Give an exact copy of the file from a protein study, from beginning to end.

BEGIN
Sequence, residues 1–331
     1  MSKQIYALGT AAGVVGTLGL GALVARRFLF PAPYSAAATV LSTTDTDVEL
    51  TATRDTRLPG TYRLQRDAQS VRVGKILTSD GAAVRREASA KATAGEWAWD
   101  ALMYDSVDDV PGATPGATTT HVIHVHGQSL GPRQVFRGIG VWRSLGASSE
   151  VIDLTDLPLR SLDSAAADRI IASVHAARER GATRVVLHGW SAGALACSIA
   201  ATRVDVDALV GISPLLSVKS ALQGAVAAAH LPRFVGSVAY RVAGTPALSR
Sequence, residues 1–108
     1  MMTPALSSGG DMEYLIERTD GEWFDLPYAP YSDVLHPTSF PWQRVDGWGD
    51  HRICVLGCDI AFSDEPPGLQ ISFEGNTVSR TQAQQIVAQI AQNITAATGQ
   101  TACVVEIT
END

Sequence, residues 1–331
     1  MSKQIYALGT AAGVVGTLGL GALVARRFLF PAPYSAAATV LSTTDTDVEL
    51  TATRDTRLPG TYRLQRDAQS VRVGKILTSD GAAVRREASA KATAGEWAWD
   101  ALMYDSVDDV PGATPGATTT HVIHVHGQSL GPRQVFRGIG VWRSLGASSE
   151  VIDLTDLPLR SLDSAAADRI IASVHAARER GATRVVLHGW SAGALACSIA
   201  ATRVDVDALV GISPLLSVKS ALQGAVAAAH LPRFVGSVAY RVAGTPALSR
Sequence, residues 1–108
     1  MMTPALSSGG DMEYLIERTD GEWFDLPYAP YSDVLHPTSF PWQRVDGWGD
    51  HRICVLGCDI AFSDEPPGLQ ISFEGNTVSR TQAQQIVAQI AQNITAATGQ
   101  TACVVEIT